Monday March 04, 2024

PMLN: a test of political fortitude

PTI, perhaps only party which has thrown down gauntlet in PML-N’s citadel of Punjab, to open-ended facilitation of latter in all domains for a three-time former PM

By Mayed Ali
February 01, 2024
Supporters of Pakistan Muslim League Nawaz party attend an election campaign rally of party leader and Pakistans former Prime Minister Nawaz Sharif at Mansehra in Khyber Pakhtunkhwa province on January 22, 2024. — AFP
Supporters of Pakistan Muslim League Nawaz party attend an election campaign rally of party leader and Pakistan's former Prime Minister Nawaz Sharif at Mansehra in Khyber Pakhtunkhwa province on January 22, 2024. — AFP

LAHORE: The Pakistan Muslim League-Nawaz (PMLN) is gearing up for what could prove to be the most difficult election in its entire electoral history. While Election 2024 is like a crystal maze for all political platforms, the PMLN is in a fix on how to manage a decent result despite the perception that it has unprecedented support from the powers that matter well in time.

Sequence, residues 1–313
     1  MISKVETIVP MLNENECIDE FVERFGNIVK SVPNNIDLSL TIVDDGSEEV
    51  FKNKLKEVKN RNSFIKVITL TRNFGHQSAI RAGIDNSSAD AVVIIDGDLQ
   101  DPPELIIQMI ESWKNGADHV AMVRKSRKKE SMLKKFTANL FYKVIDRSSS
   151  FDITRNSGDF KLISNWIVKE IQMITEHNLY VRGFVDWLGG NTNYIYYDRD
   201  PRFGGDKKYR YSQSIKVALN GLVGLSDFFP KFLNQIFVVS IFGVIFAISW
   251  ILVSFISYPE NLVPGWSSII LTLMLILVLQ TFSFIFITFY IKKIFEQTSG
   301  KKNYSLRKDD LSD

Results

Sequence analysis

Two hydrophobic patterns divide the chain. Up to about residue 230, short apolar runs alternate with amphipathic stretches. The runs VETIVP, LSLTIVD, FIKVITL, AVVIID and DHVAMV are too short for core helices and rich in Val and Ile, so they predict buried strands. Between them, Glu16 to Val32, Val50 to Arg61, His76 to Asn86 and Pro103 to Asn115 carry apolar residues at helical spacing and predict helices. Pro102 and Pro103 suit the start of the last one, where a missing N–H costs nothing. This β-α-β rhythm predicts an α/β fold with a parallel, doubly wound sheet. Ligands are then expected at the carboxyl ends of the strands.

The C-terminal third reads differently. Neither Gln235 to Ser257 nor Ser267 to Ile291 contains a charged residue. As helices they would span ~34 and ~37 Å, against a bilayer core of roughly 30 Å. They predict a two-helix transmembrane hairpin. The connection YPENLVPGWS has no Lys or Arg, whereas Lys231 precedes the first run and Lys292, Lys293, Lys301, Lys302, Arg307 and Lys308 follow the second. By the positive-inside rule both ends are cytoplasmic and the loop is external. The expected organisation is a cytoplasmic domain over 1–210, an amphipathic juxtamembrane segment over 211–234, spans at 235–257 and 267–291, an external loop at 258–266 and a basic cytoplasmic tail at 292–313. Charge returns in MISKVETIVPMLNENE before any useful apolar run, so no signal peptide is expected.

Starting from straitjacketing the PTI, perhaps the only party which has thrown down the gauntlet in the PML-N’s citadel of Punjab, to open-ended facilitation of the latter in all domains for a three-time former PM, everything seems to have been managed for the PML-N during the runup to the polls.

With PTI leader Imran Khan imprisoned and disqualified and the PTI cowed down otherwise, the PML-N should have been feeling quite confident. However, the unending anxiety within the PML-N’s ranks shows that perhaps not all is well.

One possibility for the PML-N’s disinterest in the electioneering process could be the apprehension that the party might end up getting incinerated in someone else’s brawl. It lost political capital after accepting the 16-month rule in April 2021. That was a tug of war between two individuals; now too two individuals have locked horns. On the face of it, former PM Nawaz Sharif doesn’t want to lose the remaining party support by becoming party to a managed electoral process.